Various Artists
Brainfeeder X



Since 2008, Flying LotusBrainfeeder label has peddled some of the most future-facing, genre-defying mainstream(ish) music available. This new compilation, ‘Brainfeeder X’, seeks to encapsulate its essence over the course of 36 arresting, diverse tracks.

As is often the case with wide-ranging, stylistically diverse compilations like this, it’s the extremes that work best. As distinctive as the public “sound” of Brainfeeder might be – that gleeful, magpie-like fusion of hip-hop, jazz, ambient techno and psychedelia – its roster houses some impressively individualistic divergence. The fibrous house of Ross From Friends’ ‘Squaz’, for example, bears little immediate resemblance to the galactic bossa nova of Daedelus’ ‘Order of Golden Dawn’ or the elegant future-funk of Miguel Atwood-Ferguson’s ‘Kazaru’, yet these juxtapositions sit neatly side-by-side under the label’s vast umbrella.

Perhaps because of this dazzling range of approaches and textures, the subtler archive cuts here, like Lapalux’s ‘Without You’ or TOKiMONSTA’s ‘Fallen Arches’, do labour a little. It’d be unfair to dismiss them as unsuccessful tracks – they just aren’t being showcased in a sympathetic context.

As the compilation progresses, it hammers home the influence that Flying Lotus and Brainfeeder have had on the state of the modern music landscape, an influence that dwarfs the label’s relatively brief 10-year lifespan. Without this nucleus of restlessly inventive electronic and experimental instrumental music bubbling away on America’s West Coast for the past decade, would we have had such era-defining records as Kendrick Lamar’s ‘To Pimp A Butterfly’ or Kamasi Washington’s ‘Heaven and Earth’? (Kamasi released his debut on Brainfeeder) How differently might artists like Odd Future and Vince Staples have turned out were it not for FlyLo’s mischievous influence? Were it not for the widespread success of albums like Flying Lotus’ ‘Until The Quiet Comes’ (released on Warp, but you get the point) and Thundercat’s ‘Drunk’, would similarly maverick artists like GAIKA, Oneohtrix Point Never or even the jazz-inflected likes of King Krule been able to rise to such prominence as they increasingly enjoy?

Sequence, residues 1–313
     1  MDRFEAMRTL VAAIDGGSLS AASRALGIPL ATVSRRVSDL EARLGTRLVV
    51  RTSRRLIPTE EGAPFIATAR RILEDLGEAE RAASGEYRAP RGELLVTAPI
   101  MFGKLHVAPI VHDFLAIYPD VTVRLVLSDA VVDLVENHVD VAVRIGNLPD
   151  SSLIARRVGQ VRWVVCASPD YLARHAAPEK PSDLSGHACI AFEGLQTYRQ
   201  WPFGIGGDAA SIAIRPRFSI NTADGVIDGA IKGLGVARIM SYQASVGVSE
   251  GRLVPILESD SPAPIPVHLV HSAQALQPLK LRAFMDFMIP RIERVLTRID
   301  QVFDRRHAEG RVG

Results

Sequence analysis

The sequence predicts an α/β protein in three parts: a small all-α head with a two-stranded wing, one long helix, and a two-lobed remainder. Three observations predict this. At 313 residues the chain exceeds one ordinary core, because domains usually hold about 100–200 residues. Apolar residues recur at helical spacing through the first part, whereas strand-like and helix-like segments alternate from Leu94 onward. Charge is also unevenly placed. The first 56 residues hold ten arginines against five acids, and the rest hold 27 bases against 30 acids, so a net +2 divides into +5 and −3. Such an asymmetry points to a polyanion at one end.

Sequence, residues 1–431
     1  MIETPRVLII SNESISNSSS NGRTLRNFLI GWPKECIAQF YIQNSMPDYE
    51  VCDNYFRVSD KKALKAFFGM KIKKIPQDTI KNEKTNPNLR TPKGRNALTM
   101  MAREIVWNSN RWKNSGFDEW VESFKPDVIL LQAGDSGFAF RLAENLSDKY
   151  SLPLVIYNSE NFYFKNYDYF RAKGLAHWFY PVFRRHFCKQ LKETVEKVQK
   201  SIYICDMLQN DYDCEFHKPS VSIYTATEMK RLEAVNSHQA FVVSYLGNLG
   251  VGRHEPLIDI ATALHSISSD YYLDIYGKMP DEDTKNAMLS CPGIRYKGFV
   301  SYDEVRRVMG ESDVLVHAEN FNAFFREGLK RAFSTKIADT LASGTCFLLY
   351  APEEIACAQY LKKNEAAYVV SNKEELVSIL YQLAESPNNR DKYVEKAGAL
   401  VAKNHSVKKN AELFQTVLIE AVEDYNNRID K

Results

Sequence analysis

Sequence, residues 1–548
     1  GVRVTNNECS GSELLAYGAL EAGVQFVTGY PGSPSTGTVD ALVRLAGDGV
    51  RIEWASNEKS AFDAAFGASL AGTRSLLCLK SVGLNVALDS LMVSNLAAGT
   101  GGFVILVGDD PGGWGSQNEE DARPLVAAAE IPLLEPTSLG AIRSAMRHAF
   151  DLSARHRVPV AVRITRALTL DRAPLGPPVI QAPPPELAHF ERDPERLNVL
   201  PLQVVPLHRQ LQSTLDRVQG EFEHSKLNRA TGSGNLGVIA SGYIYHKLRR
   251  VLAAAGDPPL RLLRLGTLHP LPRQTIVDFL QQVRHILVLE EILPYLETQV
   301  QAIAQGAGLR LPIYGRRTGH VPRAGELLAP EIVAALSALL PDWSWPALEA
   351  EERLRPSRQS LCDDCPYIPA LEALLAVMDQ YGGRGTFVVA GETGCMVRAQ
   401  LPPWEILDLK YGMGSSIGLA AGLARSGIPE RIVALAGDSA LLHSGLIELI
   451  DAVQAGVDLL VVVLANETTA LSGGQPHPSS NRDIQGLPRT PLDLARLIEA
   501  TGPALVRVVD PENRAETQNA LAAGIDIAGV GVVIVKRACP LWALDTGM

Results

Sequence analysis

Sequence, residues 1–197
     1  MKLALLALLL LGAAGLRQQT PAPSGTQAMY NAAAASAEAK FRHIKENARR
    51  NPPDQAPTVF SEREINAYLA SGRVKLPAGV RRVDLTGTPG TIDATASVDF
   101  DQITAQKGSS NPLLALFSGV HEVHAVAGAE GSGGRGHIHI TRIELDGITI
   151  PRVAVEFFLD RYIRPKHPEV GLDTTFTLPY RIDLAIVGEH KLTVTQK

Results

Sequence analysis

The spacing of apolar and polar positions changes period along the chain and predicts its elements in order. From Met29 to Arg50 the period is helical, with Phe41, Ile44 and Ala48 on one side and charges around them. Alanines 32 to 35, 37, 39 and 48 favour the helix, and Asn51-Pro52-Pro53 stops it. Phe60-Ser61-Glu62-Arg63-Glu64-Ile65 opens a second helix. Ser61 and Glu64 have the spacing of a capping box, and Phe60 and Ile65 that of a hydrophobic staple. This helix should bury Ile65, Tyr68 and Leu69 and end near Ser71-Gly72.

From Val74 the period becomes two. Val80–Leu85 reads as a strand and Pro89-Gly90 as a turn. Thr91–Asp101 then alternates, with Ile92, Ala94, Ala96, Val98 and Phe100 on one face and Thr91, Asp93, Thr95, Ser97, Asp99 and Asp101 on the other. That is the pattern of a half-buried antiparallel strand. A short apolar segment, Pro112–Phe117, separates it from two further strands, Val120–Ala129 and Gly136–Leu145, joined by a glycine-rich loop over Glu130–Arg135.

While those questions are debatable, the naked fact that this compilation raises them is significant in itself. Brainfeeder is a remarkable label; long may its twisted reign continue.

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